glReadBuffer − select a color buffer source for pixels
void glReadBuffer( GLenum mode )
Specifies a color buffer. Accepted values are GL_FRONT_LEFT, GL_FRONT_RIGHT, GL_BACK_LEFT, GL_BACK_RIGHT, GL_FRONT, GL_BACK, GL_LEFT, GL_RIGHT, and GL_AUXi, where i is between 0 and GL_AUX_BUFFERS −1.
glReadBuffer specifies a color buffer as the source for subsequent glReadPixels, glCopyTexImage1D, glCopyTexImage2D, glCopyTexSubImage1D, glCopyTexSubImage2D, glCopyTexSubImage3D, and glCopyPixels commands. mode accepts one of twelve or more predefined values. (GL_AUX0 through GL_AUX3 are always defined.) In a fully configured system, GL_FRONT, GL_LEFT, and GL_FRONT_LEFT all name the front left buffer, GL_FRONT_RIGHT and GL_RIGHT name the front right buffer, and GL_BACK_LEFT and GL_BACK name the back left buffer.
Nonstereo double-buffered configurations have only a front left and a back left buffer. Single-buffered configurations have a front left and a front right buffer if stereo, and only a front left buffer if nonstereo. It is an error to specify a nonexistent buffer to glReadBuffer.
mode is initially GL_FRONT in single-buffered configurations, and GL_BACK in double-buffered configurations.
GL_INVALID_ENUM is generated if mode is not one of the twelve (or more) accepted values.
GL_INVALID_OPERATION is generated if mode specifies a buffer that does not exist.
GL_INVALID_OPERATION is generated if glReadBuffer is executed between the execution of glBegin and the corresponding execution of glEnd.
glGet with argument GL_READ_BUFFER
glCopyPixels(3G), glCopyTexImage1D(3G), glCopyTexImage2D(3G), glCopyTexSubImage1D(3G), glCopyTexSubImage2D(3G), glCopyTexSubImage3D(3G), glDrawBuffer(3G), glReadPixels(3G)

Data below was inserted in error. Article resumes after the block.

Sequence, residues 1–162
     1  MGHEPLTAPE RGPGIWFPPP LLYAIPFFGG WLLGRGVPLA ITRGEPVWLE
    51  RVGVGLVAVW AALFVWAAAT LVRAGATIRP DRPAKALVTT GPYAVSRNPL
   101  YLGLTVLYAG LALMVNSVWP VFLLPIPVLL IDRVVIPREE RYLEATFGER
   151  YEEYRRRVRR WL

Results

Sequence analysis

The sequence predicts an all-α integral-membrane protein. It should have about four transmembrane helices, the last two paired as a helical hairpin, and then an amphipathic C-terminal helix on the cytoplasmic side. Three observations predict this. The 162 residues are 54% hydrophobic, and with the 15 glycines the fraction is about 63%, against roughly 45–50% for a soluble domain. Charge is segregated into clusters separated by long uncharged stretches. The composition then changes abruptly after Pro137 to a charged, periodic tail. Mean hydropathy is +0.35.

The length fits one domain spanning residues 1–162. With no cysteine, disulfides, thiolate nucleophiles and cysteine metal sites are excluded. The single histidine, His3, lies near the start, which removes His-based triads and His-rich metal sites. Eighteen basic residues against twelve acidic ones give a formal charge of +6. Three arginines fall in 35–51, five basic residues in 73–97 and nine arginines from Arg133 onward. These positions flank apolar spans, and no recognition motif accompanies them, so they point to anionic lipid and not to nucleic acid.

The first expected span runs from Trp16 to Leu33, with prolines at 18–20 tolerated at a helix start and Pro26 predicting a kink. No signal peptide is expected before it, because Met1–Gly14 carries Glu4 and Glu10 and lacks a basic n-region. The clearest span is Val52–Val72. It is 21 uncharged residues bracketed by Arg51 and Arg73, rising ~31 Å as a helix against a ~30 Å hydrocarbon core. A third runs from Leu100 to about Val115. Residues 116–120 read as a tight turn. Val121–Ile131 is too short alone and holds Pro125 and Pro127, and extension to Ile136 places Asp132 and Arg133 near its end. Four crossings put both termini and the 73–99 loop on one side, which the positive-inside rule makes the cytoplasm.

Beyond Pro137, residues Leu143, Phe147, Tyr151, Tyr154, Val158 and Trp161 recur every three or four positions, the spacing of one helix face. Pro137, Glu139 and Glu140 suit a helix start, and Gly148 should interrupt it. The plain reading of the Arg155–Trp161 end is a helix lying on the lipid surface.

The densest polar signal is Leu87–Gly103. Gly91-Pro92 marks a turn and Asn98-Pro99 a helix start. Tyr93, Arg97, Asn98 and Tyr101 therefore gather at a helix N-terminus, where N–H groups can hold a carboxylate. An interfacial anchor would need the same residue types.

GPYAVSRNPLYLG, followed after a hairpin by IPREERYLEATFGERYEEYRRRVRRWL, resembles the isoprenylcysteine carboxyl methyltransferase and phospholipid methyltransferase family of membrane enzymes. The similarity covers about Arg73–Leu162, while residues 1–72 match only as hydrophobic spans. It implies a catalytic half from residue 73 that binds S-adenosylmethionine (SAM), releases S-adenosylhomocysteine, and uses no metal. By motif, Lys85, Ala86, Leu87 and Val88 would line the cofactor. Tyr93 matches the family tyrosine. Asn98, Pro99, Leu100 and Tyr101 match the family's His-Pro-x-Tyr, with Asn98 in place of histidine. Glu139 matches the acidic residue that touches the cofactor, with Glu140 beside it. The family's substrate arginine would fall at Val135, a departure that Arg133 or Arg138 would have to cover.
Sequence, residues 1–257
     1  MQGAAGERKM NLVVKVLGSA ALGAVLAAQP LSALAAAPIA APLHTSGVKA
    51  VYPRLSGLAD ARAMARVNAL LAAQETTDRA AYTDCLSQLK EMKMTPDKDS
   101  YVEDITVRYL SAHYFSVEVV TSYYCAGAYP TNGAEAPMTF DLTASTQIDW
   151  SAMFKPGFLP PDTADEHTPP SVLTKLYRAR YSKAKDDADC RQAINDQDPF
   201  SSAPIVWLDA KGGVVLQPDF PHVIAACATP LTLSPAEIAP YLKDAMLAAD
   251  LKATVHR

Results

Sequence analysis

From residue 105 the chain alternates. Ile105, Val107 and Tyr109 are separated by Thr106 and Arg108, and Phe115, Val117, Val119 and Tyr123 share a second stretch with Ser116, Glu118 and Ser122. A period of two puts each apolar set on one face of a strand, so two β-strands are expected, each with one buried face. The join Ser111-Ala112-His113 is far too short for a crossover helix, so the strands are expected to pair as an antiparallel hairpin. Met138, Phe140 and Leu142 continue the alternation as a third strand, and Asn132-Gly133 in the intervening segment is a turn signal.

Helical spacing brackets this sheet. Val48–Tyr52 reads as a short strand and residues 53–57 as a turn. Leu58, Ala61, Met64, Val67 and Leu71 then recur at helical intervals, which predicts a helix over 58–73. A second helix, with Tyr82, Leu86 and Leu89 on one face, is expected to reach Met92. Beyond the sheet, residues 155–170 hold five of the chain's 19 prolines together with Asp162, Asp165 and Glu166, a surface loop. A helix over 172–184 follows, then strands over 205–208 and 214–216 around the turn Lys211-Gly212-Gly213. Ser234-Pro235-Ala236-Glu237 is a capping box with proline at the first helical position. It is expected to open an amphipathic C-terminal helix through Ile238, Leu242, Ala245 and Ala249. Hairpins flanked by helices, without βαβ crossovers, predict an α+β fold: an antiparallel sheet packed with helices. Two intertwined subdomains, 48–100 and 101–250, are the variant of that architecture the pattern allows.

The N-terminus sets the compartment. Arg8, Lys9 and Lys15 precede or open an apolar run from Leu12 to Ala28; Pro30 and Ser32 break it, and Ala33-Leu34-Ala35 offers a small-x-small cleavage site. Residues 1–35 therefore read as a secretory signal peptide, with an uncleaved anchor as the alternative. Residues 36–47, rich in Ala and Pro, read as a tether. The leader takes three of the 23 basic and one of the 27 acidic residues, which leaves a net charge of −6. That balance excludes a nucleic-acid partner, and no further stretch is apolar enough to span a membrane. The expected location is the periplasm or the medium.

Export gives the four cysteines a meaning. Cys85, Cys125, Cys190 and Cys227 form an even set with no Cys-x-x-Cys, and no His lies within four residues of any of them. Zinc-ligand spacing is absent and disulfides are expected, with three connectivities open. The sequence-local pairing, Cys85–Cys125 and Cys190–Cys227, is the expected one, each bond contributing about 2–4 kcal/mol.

Personal Opportunity - Free software gives you access to billions of dollars of software at no cost. Use this software for your business, personal use or to develop a profitable skill. Access to source code provides access to a level of capabilities/information that companies protect though copyrights. Open source is a core component of the Internet and it is available to you. Leverage the billions of dollars in resources and capabilities to build a career, establish a business or change the world. The potential is endless for those who understand the opportunity.
Business Opportunity - Goldman Sachs, IBM and countless large corporations are leveraging open source to reduce costs, develop products and increase their bottom lines. Learn what these companies know about open source and how open source can give you the advantage.
Free Software provides computer programs and capabilities at no cost but more importantly, it provides the freedom to run, edit, contribute to, and share the software. The importance of free software is a matter of access, not price. Software at no cost is a benefit but ownership rights to the software and source code is far more significant.
Free Office Software - The Libre Office suite provides top desktop productivity tools for free. This includes, a word processor, spreadsheet, presentation engine, drawing and flowcharting, database and math applications. Libre Office is available for Linux or Windows.
The Free Books Library is a collection of thousands of the most popular public domain books in an online readable format. The collection includes great classical literature and more recent works where the U.S. copyright has expired. These books are yours to read and use without restrictions.
Source Code - Want to change a program or know how it works? Open Source provides the source code for its programs so that anyone can use, modify or learn how to write those programs themselves. Visit the GNU source code repositories to download the source.
Study at Harvard, Stanford or MIT - Open edX provides free online courses from Harvard, MIT, Columbia, UC Berkeley and other top Universities. Hundreds of courses for almost all major subjects and course levels. Open edx also offers some paid courses and selected certifications.
Linux Manual Pages - A man or manual page is a form of software documentation found on Linux/Unix operating systems. Topics covered include computer programs (including library and system calls), formal standards and conventions, and even abstract concepts.